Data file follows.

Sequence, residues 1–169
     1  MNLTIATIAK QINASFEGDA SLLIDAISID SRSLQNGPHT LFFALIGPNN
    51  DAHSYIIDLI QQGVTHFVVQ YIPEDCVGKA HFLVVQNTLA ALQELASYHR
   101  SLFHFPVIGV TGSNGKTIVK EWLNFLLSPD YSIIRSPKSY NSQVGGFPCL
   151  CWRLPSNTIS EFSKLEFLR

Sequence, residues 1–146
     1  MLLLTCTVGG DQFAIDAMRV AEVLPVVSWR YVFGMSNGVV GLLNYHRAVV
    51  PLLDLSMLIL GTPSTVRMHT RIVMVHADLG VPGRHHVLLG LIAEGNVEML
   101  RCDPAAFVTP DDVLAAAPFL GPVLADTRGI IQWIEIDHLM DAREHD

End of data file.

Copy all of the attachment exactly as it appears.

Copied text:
Sequence, residues 1–169
     1  MNLTIATIAK QINASFEGDA SLLIDAISID SRSLQNGPHT LFFALIGPNN
    51  DAHSYIIDLI QQGVTHFVVQ YIPEDCVGKA HFLVVQNTLA ALQELASYHR
   101  SLFHFPVIGV TGSNGKTIVK EWLNFLLSPD YSIIRSPKSY NSQVGGFPCL
   151  CWRLPSNTIS EFSKLEFLR

Sequence, residues 1–146
     1  MLLLTCTVGG DQFAIDAMRV AEVLPVVSWR YVFGMSNGVV GLLNYHRAVV
    51  PLLDLSMLIL GTPSTVRMHT RIVMVHADLG VPGRHHVLLG LIAEGNVEML
   101  RCDPAAFVTP DDVLAAAPFL GPVLADTRGI IQWIEIDHLM DAREHD